Last year, when the price per barrel hovered around $150 a barrel, oil producing states in the Rocky Mountain region were swimming in black ink, energy companies were being vilified as being greedy and the industry seemed on its way to even bigger spending this year.
And now for a cliché: What a difference a year makes.
With the price per barrel wallowing between $30 and $40 per barrel, the industry, temporarily at least, is off the public relations chopping block. The good news is, the industry is no longer the villain. The bad news: There’s a whole bunch of bad news out there.
And nowhere is that bad news more immediate than in the spending budgets of oil producing states, including those in the United States’ Rocky Mountain region.
There are several ways to quantify just how bad the news might be, but one easy way is by taking a look at drilling activity – and in this case, the rig count statistics show a drop, sometimes dramatic, from last year levels.
Unrest in the West
The general consensus among western state officials is that everyone could live, and would be more or less happy, in the $60-80 range.
In Alaska, for example, where oil funds 90 percent of the state budget, legislators built proposals and legislation on an average of $82 per barrel price.
Unlike Alaska, which has a $5 to $7 billion rainy day fund as a cushion, the states listed below have more rain, if you will, than umbrellas.
A brief rundown of conditions in the western United States includes:
- New Mexico – According to the New Mexico Independent, the oil and gas industry makes up 18 percent of all state and local revenue, which explains, in part, why the state has an estimated $454 million budget shortfall for fiscal year 2009.
To put it succinctly: “New Mexico is facing a deficit because of low oil and gas prices,” wrote Deborah Seligman, the state’s vice president of governmental affairs.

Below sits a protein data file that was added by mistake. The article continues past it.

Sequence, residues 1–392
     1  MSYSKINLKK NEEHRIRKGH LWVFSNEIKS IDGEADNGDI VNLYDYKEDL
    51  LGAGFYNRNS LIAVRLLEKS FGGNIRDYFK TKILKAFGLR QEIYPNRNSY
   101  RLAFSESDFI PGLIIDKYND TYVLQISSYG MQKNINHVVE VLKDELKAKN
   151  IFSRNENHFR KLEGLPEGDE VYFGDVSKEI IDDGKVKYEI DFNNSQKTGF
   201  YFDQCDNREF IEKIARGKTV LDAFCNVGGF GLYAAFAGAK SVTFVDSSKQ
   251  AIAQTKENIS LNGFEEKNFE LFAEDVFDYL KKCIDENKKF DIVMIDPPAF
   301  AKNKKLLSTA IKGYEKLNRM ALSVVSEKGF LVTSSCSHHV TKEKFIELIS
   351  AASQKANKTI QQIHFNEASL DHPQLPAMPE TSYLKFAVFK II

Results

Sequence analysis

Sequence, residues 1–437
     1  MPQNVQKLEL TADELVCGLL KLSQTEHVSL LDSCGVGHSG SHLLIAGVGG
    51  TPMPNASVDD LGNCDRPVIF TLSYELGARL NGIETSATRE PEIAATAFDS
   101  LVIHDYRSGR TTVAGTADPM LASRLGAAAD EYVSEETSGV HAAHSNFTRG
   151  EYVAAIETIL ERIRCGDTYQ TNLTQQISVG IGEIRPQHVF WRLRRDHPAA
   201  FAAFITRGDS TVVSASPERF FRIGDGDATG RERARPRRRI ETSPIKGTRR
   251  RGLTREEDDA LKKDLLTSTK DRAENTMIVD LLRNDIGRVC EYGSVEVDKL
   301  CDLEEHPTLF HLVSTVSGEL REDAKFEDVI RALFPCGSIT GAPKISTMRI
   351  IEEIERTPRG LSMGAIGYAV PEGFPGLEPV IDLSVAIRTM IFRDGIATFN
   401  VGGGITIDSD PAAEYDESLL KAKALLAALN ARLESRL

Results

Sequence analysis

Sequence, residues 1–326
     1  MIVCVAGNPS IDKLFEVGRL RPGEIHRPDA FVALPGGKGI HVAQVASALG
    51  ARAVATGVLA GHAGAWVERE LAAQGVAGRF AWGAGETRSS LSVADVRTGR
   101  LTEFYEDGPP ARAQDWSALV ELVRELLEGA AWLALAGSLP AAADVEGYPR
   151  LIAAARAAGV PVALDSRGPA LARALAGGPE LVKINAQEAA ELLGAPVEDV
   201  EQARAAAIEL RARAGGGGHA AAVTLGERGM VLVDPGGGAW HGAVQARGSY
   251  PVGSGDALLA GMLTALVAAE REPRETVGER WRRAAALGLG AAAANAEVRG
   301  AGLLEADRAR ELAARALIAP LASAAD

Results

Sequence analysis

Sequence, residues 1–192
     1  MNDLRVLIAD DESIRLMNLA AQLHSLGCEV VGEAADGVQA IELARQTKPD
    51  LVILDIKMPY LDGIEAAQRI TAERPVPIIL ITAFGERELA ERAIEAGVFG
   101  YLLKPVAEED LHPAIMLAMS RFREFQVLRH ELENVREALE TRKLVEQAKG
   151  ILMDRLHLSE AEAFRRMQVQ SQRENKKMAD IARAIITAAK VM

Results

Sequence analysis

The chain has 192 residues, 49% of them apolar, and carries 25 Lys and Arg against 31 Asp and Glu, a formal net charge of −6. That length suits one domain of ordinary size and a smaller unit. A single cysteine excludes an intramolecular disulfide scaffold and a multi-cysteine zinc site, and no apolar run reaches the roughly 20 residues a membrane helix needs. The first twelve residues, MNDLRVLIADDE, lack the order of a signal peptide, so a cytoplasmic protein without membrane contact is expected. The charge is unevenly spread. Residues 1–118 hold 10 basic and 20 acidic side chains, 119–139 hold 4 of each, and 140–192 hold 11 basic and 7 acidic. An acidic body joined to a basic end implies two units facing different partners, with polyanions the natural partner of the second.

- Montana – In 2008, with a barrel of oil hovering at near $140, Gov. Brian Schweitzer was salivating at the 40-billion barrels of oil that were possibly lodged in the eastern part of the state. Today, with oil at less than $50, the urgency is gone.
More troublesome is that the decrease in oil and gas revenues has contributed to the state’s $250.9 million revenue decline.
- Wyoming – The state hasn’t experienced the monetary shortfall as significantly as other states, but it has seen a 28 percent drop in drilling permits over the past year, which, while not a definite trend, according to officials, is troublesome nonetheless, especially considering crude oil and/or natural gas is produced in 20 of Wyoming’s 23 counties.
Further, and anecdotally, a recent Bureau of Land Management sale of 137 oil and gas parcels around the state recently netted approximately $2.4 million – and that amount is down 87 percent from a similar sized lease sale conducted last year that netted about $18.3 million.
- Colorado – According to a report in The Denver Post, both the state and the industry are feeling the pain of reduced revenues.
Companies reportedly are slashing operating budgets, and according to the Center on Budget and Policy Priorities, smaller oil revenues will be a factor in the state facing a $604 million budget gap.
- Utah –The state faces a $302 million deficit for the fiscal year, or about 10 percent of the total state budget, and analysts there point to the decrease in oil revenues.
And while production volumes have not dropped significantly, John R. Baza, director of the state’s division of oil, gas and mining, says, “Already with the current oil and gas prices we have seen a 50 percent drop in our statewide rig count, from a high of 50 rigs in August 2008.”
He went on to say that his regulatory permitting statistics were highest in 2006 when price was in the $60-$65 per barrel range, which is where he believes the target should be.
“I think it needs to stay in that range to encourage significant exploration in Utah,” Baza said.
Nationally, the drop in oil prices has had a sort of yo-yo effect on the economy. People like the lower prices at the pump, but the incentive to find new and alternative fuels isn’t as great.
The good news, though, is that analysts believe that today’s low oil prices will start to rise as soon as international government bailouts take effect. AAPG member T. Boone Pickens predicted at the end of February oil will climb back to $75 barrel by the end of 2009.
Long-term he’s even more bullish.
“If you don’t think we’ll see $200 to $300 oil in 10 years, you are kidding yourself,” he said. “You think OPEC is a free market? We have no control over what is going on.”
Of course he, and everyone else, has been wrong before.
As Utah’s John Baza says, “Based on my past lack of success at predictions, I had better remain silent.”